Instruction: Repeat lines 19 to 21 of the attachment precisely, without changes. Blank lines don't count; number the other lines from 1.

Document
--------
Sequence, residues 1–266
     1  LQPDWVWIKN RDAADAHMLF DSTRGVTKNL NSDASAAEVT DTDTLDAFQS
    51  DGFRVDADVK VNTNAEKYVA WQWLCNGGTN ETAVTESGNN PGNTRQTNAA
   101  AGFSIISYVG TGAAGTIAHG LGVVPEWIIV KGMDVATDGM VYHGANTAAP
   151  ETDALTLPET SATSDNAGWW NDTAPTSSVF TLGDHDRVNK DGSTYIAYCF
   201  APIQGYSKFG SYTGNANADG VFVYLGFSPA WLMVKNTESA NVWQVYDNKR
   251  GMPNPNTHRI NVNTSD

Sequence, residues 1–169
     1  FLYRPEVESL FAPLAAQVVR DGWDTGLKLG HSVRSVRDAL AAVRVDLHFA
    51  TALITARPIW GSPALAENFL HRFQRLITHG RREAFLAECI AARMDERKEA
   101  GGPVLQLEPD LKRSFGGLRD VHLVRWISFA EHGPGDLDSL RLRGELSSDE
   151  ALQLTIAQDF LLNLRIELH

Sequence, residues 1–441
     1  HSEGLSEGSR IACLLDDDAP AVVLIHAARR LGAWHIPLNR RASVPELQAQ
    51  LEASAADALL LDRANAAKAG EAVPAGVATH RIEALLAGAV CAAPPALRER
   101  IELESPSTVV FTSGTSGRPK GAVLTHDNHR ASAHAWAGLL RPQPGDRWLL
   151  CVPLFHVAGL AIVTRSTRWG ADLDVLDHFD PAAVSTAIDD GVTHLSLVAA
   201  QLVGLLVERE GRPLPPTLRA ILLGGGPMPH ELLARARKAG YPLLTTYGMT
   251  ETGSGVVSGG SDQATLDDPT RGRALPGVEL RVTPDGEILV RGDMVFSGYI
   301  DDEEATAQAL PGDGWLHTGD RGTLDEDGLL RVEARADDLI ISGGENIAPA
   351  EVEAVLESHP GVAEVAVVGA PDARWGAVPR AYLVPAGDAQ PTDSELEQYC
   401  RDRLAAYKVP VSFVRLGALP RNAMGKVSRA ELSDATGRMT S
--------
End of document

   251  ETGSGVVSGG SDQATLDDPT RGRALPGVEL RVTPDGEILV RGDMVFSGYI
   301  DDEEATAQAL PGDGWLHTGD RGTLDEDGLL RVEARADDLI ISGGENIAPA
   351  EVEAVLESHP GVAEVAVVGA PDARWGAVPR AYLVPAGDAQ PTDSELEQYC